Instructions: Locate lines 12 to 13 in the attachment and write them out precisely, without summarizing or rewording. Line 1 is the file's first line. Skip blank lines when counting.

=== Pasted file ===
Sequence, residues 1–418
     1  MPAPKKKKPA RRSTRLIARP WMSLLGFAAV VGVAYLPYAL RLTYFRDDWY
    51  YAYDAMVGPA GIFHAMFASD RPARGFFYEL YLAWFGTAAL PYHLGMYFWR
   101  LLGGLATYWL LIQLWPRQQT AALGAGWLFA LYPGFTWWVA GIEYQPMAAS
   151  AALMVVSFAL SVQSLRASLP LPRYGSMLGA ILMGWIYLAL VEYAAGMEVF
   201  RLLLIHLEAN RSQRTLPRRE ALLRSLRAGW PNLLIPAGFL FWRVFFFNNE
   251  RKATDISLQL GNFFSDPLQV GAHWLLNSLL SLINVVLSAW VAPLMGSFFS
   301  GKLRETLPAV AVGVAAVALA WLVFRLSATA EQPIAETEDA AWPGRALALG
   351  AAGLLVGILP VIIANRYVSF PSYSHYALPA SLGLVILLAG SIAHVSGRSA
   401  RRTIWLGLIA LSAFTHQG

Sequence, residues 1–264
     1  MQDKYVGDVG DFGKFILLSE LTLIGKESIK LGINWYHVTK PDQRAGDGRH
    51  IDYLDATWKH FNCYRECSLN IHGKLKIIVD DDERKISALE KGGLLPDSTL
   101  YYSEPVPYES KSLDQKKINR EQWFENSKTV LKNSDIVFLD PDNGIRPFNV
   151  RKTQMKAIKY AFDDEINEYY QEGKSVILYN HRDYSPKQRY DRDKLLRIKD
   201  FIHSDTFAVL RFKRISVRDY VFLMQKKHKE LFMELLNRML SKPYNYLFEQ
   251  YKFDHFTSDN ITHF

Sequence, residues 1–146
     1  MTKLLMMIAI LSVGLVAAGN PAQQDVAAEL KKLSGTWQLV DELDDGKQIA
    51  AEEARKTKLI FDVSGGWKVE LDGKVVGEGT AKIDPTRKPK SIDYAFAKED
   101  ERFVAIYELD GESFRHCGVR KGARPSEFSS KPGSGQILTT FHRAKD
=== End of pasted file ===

     1  MQDKYVGDVG DFGKFILLSE LTLIGKESIK LGINWYHVTK PDQRAGDGRH
    51  IDYLDATWKH FNCYRECSLN IHGKLKIIVD DDERKISALE KGGLLPDSTL